The biggest most obvious difficulty is the impossibility of border control. The Coast Guard can't effectively police every mile of our coastline. The United states now has over three thousand federal borders. In one year, the border patrol intercepted 1.2 million would-be immigrants from Mexico. None of the caught illegal immigrants from Mexico are incarcerated but instead are all sent back with the option to try to cross the border again. 100,000 to 600,000 illegal immigrants a year evade capture. If the intercepted immigrants keep trying, the odds are increasingly in their favor. Although border control is not a complete solution to immigration problems, giving up on border control is not a good option. All industrialized nations have an “immigration problem” for similar reasons. United States of America welcomes immigrants when labor markets are tight or when service work needs to be performed cheaply. The country welcomes immigrants sometimes without restriction through an official guest worker program. In the past it was easy to send immigrants back when they finished their work because their wives would always be waiting for them at home. However, now women don’t want to stay at home anymore and instead want to come north to work with their husbands. Since 1987 alone, the number of Mexican women attempting to cross the border illegally has doubled, while the number of men has not changed. A consequence is declining return migration for men. It becomes hard to break networks linking immigrants with their home country when an immigrant group establishes a presence. United States of America prioritizes legal immigration to “family reunification”, which means that immigrants can bring their relatives to America at the head of the line. Workers amnestied under the 1986 law became eligible to bring in family members which totaled to several million additional legal residents. Immigration flows are even more immune to policy influences because the relationship between economic status at home and the tendency to migrate varies from society to society and from time to time.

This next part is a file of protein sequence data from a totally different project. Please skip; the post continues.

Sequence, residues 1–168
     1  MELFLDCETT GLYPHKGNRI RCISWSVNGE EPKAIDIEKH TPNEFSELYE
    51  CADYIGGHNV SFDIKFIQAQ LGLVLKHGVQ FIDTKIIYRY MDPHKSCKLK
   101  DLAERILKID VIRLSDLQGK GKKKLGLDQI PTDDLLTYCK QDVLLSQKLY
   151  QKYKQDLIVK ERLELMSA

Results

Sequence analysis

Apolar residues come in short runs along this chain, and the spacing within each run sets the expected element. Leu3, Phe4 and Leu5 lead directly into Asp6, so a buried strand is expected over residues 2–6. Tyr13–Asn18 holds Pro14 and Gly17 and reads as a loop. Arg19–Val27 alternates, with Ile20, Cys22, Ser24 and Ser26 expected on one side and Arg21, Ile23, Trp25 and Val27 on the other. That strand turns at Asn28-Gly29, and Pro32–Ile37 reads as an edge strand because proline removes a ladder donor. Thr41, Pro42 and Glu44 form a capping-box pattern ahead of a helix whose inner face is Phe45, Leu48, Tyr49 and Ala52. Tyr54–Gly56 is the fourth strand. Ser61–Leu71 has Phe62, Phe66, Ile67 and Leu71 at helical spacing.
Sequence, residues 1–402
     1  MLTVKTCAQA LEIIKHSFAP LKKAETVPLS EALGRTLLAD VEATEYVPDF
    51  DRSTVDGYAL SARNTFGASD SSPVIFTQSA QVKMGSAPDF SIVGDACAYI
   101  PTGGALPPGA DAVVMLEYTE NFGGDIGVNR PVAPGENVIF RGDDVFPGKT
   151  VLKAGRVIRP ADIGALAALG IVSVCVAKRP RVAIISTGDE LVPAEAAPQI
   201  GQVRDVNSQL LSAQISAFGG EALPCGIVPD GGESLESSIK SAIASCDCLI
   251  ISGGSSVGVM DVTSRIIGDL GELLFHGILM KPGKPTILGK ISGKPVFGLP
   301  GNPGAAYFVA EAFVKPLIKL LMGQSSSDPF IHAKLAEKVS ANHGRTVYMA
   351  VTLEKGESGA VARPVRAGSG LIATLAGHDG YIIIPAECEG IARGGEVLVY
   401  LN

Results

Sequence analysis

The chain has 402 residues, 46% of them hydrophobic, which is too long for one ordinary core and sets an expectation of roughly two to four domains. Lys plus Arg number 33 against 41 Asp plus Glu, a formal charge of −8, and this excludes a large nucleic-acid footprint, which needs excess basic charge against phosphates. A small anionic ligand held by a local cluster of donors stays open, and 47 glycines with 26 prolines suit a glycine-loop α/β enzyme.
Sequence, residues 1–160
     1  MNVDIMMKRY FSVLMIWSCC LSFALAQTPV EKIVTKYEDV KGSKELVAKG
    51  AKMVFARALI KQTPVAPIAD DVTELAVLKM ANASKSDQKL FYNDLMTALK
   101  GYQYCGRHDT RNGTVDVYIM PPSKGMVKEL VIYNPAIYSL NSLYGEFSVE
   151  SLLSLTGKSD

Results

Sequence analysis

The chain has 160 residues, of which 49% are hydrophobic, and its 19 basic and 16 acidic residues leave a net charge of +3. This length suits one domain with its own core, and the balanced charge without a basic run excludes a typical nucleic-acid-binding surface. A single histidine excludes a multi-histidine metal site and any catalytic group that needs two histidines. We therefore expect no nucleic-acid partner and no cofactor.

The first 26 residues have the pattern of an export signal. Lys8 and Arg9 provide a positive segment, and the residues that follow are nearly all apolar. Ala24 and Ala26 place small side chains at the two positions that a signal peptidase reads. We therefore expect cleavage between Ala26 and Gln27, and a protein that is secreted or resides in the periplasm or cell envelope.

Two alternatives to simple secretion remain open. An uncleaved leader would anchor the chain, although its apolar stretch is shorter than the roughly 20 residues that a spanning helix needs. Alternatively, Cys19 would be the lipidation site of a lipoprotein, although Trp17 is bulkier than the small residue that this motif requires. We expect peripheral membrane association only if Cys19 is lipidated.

By 1980, one-third of working-age persons born in Puerto Rico had migrated to the mainland. The migrants were Puerto Ricans who had below-average education levels, and they were more likely to be unemployed before leaving the island. Economists Alida Castillo-Freeman and Richard Freeman stated that it's because Congress raised Puerto Ricos minimum wage so high that island unemployment increased. All of the jobs that remained only employed the most qualified workers. People who were able to get a job chose not to migrate and accepted a relatively good pay at home. Everyone else was left on the streets and consequently migrated to America. Congress established a high minimum wage for Puerto Rico and basically determined that it was a better idea to bring unskilled Puerto Rican migrants to New York than to create and send New York jobs to Puerto Rico.